There’s a new movie coming out or maybe not. It’s the European answer to American spy-stories and action movies. It has a captivating title: United We Stand; it is directed from a new talent and interpreted by Ewan Mc Gregor and Penelope Cruz. Are we sure about it? There is a great deal of advertising in specialized magazines and a lot of posters in cities like Barcelona , Berlin and New York . The film has also a web site. But where’s the movie?

The movie doesn’t exist as well as the Nike’s project to customize and rename Nike Plaz a well-known Vienna Plaza and as well as an artist called Darko Maver as well as the web site… two artists interested in the media dynamics made us believe it and we believed it.

United We Stand is the inexistent movie we’re talking about. It’s the nth project revealing the unreliability of media in an era of real-time communication and real life-video. Through a very professional web site, pay-bills and advertising they have started up a real interest in an unreal object. They have also monitored the “media answer” by putting a series of video cameras near the posters in Barcelona , Berlin and New York to catch people’s reaction. This experiment became an exhibition and we met Eva and Franco Mattes a.k.a. 0100101110101101.ORG in the occasion of the exhibition opening (this was a unique event for an Italian electronic artist) at the New York ‘s Postmasters Gallery .


Monica Ponzini: First of all where did the United We Stand idea come from?

01: we are captivated from pop culture like anyone else and the cinema is now the most popular and recognizable way of communication. We tried to imagine the symbol of Europe in a pop context replacing the American flag with the European one. The result is hallucinating, almost ridiculous. Let’s think of Jasper Johns’ flags and of other classical American symbols like Mount Rushmore . Why American patriotic iconography is commonly accepted while a European one appears ridiculous? Because are we immune to patriotic extremisms or are we victims of an inferiority complex?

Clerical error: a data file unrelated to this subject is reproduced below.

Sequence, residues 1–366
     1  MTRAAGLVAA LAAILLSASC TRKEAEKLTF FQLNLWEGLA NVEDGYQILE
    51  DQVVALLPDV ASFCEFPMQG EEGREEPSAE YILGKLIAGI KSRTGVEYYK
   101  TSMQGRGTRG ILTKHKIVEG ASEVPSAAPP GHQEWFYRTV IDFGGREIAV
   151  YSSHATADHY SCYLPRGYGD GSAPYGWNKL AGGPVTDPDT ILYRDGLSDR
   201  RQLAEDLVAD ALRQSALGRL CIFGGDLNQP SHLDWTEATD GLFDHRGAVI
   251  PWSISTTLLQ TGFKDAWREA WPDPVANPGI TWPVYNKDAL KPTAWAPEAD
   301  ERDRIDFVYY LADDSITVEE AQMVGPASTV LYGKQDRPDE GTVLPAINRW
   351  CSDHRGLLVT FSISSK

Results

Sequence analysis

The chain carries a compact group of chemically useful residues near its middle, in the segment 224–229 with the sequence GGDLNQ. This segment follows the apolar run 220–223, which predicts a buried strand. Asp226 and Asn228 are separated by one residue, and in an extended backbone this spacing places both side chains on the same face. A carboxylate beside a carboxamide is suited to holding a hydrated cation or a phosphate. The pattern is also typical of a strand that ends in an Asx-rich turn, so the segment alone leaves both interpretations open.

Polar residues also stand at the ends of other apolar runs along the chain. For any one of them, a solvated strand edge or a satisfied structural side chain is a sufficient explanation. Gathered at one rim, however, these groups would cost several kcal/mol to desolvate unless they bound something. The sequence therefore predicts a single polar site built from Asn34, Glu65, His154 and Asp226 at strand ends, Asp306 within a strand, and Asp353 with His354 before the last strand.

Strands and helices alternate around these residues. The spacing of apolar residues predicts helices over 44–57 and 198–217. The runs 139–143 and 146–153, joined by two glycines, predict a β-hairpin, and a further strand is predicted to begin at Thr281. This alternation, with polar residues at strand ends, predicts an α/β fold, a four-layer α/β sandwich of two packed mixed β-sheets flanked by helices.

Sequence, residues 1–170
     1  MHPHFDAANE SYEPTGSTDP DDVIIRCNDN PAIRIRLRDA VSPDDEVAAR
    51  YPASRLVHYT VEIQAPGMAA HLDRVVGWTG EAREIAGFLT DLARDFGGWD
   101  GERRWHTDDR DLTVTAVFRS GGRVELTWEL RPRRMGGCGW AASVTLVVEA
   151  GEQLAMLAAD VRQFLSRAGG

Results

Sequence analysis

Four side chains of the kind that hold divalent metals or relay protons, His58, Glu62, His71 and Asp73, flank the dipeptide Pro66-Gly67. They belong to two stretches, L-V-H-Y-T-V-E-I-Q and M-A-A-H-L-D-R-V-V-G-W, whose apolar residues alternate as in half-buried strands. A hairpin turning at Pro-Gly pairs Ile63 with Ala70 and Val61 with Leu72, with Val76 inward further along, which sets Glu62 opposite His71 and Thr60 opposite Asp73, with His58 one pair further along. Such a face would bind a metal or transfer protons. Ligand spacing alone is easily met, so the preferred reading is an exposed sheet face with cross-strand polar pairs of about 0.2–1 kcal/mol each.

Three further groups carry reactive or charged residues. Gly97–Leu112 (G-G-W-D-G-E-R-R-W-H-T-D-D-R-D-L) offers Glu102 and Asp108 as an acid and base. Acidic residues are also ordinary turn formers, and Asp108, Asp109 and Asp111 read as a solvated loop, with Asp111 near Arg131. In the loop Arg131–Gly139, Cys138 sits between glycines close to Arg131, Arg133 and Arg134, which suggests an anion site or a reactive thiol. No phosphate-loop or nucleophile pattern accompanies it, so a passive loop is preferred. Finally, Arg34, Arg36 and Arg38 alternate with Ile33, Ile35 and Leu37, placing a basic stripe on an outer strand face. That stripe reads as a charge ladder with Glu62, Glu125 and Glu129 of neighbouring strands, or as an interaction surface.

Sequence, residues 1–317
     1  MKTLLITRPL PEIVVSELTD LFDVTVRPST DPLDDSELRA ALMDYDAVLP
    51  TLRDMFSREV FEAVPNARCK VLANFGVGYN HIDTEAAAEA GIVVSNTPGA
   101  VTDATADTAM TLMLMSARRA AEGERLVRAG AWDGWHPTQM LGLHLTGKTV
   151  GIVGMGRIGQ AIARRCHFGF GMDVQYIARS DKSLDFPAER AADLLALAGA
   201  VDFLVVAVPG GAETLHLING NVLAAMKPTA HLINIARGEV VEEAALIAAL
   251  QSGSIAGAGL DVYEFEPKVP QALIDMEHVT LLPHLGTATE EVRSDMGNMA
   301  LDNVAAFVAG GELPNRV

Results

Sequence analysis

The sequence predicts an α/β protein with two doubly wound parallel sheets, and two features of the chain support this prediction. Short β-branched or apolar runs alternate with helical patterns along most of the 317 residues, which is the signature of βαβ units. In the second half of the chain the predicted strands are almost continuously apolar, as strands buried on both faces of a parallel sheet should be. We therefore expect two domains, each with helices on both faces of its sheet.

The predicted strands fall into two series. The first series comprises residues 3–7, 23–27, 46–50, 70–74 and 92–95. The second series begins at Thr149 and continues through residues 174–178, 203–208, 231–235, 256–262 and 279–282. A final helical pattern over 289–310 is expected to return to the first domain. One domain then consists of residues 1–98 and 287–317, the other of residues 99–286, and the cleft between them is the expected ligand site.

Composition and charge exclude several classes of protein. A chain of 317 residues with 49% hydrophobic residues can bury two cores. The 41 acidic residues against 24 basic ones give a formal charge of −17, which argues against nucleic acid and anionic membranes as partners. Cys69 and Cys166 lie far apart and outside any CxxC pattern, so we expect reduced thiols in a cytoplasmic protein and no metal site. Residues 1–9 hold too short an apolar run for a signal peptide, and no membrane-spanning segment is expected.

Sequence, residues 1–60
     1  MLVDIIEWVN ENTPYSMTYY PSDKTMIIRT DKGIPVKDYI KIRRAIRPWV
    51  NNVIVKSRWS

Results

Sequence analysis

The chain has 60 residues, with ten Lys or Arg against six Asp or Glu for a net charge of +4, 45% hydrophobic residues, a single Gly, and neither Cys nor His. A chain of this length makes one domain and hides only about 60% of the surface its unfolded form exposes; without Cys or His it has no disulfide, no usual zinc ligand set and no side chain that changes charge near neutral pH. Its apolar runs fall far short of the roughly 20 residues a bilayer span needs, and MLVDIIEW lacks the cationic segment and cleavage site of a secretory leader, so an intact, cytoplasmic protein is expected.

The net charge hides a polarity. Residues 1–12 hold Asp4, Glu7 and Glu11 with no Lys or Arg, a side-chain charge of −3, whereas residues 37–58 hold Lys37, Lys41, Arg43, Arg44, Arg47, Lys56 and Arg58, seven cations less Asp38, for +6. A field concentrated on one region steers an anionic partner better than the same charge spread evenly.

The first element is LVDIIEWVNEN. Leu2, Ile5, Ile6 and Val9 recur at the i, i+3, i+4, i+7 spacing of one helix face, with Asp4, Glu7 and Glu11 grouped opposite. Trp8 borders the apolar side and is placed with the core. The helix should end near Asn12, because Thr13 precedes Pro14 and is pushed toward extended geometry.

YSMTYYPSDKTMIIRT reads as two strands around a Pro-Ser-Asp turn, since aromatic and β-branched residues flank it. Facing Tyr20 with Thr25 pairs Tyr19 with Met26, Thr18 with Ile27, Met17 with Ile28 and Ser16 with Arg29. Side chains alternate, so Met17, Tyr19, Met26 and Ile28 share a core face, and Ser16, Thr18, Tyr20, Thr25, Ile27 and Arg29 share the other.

Monica Ponzini: How did you build up the project at media level?

01: we worked as we were producers studying a commercial campaign. So urban massive campaign of bill-postering, a web site using the same rhetoric and aesthetics of cinematographic web sites, advertising on specialized magazines and a viral internet campaign through web sites and blogs.


Monica Ponzini: media sabotage is your strong suit: what do you think now about your authentic web fakes like the Nike’s Ground or

01: There are no fakes but fake attributions. Every news is tendentious. These projects reveal the essence of the spreading of news. Sometimes it’s better to be sincerely false instead of being falsely true. We at some point declare the nature of our project…the others not always do…

In our precedent projects there were a clear distinction from the creation of false news and the consequent revealing. In this project the moment of pretence and the moment of so-called reality happen together: the spectator is at the same time a user and a part of the work of art. We leave a lot of open questions to the spectator to answer: the European spectator think the movie is a parody of American propaganda, the American one thinks the movie is a parody of Europe .


Monica Ponzini: After “remix” Lev Manovich considers as an important contemporary aesthetics factor even if it’s often brought to the extremes you assert the existence of “sharing”. Is sharing going to be the next distinguishing mark of artistic production?

01: people give too much importance to “instruments”. There’s less “remix” now: there are entire musical genres (like the country or the blues) which are based exclusively on the continuous remixing of existing melodies. The culture itself is plagiarism and re-appropriation, the isolated from the world inspired from the muse genius doesn’t exist, there are people endlessly remixing. Sharing is a part of human culture: human beings have always shared things.

And that’s what we do with our projects: we give up our culture, style and aesthetics to each time adopt someone else’s semblances, the European Union, the Nike, the Vatican …we are chameleonic and this has not much to do with new technologies.


Monica Ponzini: you are now concentrated on net art because you consider the net as a fast without intermediaries’ way. Are you going on this way?

01: The United We Stand project is not over yet. As regards the Internet we consider it as a very useful instrument but while our works were especially created for the Net we now work “with every necessary medium”. The important thing is the message; I don’t give a damn about the kind of medium.